The performance Friday that will very likely get the least ink but deserves at least a short mention was that of one Meyers Leonard. I want to believe in Meyers. Scratch that, I DO believe in Meyers. But I also know that he is a work in progress, and though that work is being done, the progress is very slow. Friday, there were stretches when Meyers looked like he didn’t belong on the floor at all. At least twice, he rolled to the hoop after setting a pick and either wasn’t looking when the ball was thrown to him or ducked right at the last minute because he wasn’t actually expecting to catch a pass. And then there was his defense. More than once he hedged out on the ball handler when his man set a screen and then turned to find his man again and just couldn’t do it. In fact, Batum wouldn’t have had the lead-saving block (a lead that would be then un-saved so unceremoniously by Marcus Morris who is my pick to win the Three-Point Shootout on NBA All-Star Weekend) if Leonard hadn’t completely blown his rotation on Asik and let him drift to the rim completely undefended. But after all that, there was Meyers, on the floor in the overtime, waving his arms to get the crowd hyped (like the needed much help), filling the paint, grabbing rebounds, and just generally being effective. And before that, Meyers was doing his best to keep the behemoth that is Asik off the glass on defense, being active on both ends of the floor, KNOCKING DOWN A JUMP SHOT, getting a highlight dunk on a rookie-to-rookie run out lob that made me forget about the few lobs that went begging because Meyers sometimes has no idea what to do. Basically, in 27 minutes of play, Meyers Leonard showed that he may not be ready to start for Portland, but he’s ready to start contributing minutes that actually mean something. Needless to say, his eight points tied a career high. I’m willing to bet he doesn’t want to talk career-highs in scoring until he breaks double digits.
I previewed this game by saying that unlike Sacramento, Houston is the kind of rebuilding team Portland should strive to be like, compete with, and ultimately beat. They’ve so far accomplished the beating part. From start to finish, it wasn’t the prettiest of Blazer victories. Just like from start to finish this won’t be the prettiest of Blazer season. What this team can hope to do is improve on a nightly basis. They can also try to win. Friday night, they came out flat, but rebounded, and unlike the last three times that has happened at the Rose Garden so far this season, Friday’s comeback was completed with a win. There’s little more that one can ask for at this point.
The Blazers are back in action Sunday at the Rose Garden against the Derrick Rose-less but still 5-3 Chicago Bulls. Last season the Blazers beat the Bulls in Chicago in Kaleb Canales’s first game as a head coach. Just something to chew on.
A couple of quick things:
- Tonight was the first night of Linsanity at the Rose Garden. Any cheers that were coming for Lin were drowned out by the home fans down the stretch, that and Lin didn’t play a minute of the overtime period. Acting head coach Kelvin Sampson told reporters after the game that he liked the defensive match-up he was getting on Damian Lillard with Toney Douglas on the floor. Fine. He’s a head coach, and I’m not. Plenty of people were questioning the move to ride Douglas on Twitter. In all fairness, it’s a move that should be questioned. I’m Lin skeptic to be honest. I’m not trying to be a buzz-kill, but I think he’s Linsanity stretch in New York last season will prove to be the outlier, not the norm, for his career. There are a few things though that I really like about Jeremy Lin, and right now I have no reason to think he won’t have a very long and fruitful NBA career. First among those attributes of Lin’s game that I like is his ability to play within his limitations. He’s a very very smart dude and an incredibly savvy basketball player. Knowing what you can’t do doesn’t sound like the “NBA mentality,” but the way Lin works hard to maximize his strengths (court vision, getting out on the break, rebounding) and minimize his weaknesses (on the ball defense, shooting) is an indication that he’s cemented himself as a real talent, not just a media stunt, and that he’s here, meaning in the NBA starting for a pretty good team in a loaded conference, to stay. Lin’s line: 11 points on 3-of-8 from the floor and 0-of-1 from deep, six rebounds, 11 assists, two steals, one block, three turnovers in 36 minutes. And remember, he didn’t see a second of action during the extra period.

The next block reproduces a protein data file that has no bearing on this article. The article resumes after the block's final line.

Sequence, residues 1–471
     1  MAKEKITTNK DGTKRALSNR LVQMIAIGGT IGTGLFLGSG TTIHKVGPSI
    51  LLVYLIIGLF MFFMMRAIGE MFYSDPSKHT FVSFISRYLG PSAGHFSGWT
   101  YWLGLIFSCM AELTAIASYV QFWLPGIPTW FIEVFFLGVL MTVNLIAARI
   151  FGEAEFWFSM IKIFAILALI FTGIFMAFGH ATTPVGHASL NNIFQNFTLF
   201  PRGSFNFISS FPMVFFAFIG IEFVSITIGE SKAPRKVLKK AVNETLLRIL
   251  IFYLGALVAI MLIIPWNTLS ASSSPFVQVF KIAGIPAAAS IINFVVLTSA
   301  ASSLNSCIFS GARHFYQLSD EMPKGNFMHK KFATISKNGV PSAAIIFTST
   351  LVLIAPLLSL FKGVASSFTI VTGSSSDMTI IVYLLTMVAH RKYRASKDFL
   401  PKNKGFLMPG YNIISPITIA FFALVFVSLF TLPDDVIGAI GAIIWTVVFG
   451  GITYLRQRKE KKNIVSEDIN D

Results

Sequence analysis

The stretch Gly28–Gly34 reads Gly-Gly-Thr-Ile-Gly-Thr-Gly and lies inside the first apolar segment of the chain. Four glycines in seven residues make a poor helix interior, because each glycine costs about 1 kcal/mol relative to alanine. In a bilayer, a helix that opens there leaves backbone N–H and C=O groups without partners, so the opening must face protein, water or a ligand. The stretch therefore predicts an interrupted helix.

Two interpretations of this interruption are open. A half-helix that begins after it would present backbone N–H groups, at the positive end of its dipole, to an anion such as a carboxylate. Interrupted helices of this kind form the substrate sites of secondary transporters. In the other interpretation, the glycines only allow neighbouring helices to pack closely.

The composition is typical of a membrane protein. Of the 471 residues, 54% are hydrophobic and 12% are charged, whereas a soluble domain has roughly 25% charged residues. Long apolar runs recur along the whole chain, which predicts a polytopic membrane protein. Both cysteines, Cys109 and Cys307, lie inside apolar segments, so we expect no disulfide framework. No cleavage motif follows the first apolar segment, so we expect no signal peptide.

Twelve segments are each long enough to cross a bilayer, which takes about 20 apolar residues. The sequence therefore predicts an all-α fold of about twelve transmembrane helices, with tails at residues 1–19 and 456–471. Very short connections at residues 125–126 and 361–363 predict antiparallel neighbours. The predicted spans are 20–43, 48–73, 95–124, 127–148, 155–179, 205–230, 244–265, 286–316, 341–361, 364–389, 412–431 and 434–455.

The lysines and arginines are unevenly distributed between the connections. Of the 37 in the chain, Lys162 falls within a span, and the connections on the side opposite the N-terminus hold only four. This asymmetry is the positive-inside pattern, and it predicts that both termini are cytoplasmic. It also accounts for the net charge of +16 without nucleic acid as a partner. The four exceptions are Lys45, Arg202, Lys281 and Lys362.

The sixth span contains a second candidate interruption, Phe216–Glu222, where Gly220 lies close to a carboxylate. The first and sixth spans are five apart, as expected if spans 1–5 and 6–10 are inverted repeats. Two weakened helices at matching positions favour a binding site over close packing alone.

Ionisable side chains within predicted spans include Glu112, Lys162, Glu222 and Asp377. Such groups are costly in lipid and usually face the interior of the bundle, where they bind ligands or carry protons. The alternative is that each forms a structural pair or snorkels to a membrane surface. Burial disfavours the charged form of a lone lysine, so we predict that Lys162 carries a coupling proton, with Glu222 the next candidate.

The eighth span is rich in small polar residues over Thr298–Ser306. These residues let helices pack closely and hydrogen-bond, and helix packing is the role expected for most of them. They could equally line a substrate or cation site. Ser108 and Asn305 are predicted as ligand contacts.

- Speaking of Kelvin Sampson, he coached briefly at Indiana University, leaving that program in shambles following a period of shady operations. The IU connection to Portland runs a little deep. Jared Jeffries played on their last team to make it to the NCAA Finals. Following the game Friday I spoke briefly with Jeffries about IU. The Hooisers enter the NCAA season ranked number one and bring to the table a group of skilled players including Cody Zeller, an outstanding big man who is probably on Portland’s draft radar should the Blazers fall into the very early part of the lottery. I had the chance to cover IU last season when they played in the Rose Garden in the first two rounds (second and third round for NCAA purists) of the big dance last March. I like Zeller, but I think the guy Portland should be going for is Christian Watford. Watford is best known for hitting this shot against the Kentucky Wildcats last season. He’s a power forward in the NCAA, but would be a perfect small four/big three in the NBA. He can shoot from range. He’s big. And he’s athletic. And the best part, Portland won’t have to tank to get him. Watford is a classic NBA draft bugaboo, a strong player who played four years of college basketball. Cody Zeller will be IU’s main guy. Watford will fall to the late first round, maybe even to the second. With a late first round pick or an early second round pick, he could easily land in Portland. Thank you for giving me this opportunity to talk about IU basketball.
- Back to Jared Jeffries. Coach Stotts mentioned Jeffries’ defensive play in Friday’s game and in Tuesday’s win at Sacramento. Jeffries has been a great spark off the bench even without scoring. He was +8 in about 10 minutes of play Friday. That’s pretty good considering LaMarcus was a -9. Damian Lillard and Nicolas Batum were both +10.
- Terrance Jones in his first action as a professional in Portland (he graduated from Jefferson High School in North Portland) collected a DNP-CD. There’s always next time.